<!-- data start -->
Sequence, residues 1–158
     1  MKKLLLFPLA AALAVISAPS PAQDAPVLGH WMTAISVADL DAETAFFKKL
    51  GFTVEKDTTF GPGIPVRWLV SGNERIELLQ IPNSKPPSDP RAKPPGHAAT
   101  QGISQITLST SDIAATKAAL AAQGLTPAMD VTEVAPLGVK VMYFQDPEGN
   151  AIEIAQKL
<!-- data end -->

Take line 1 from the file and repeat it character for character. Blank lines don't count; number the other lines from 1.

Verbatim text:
Sequence, residues 1–158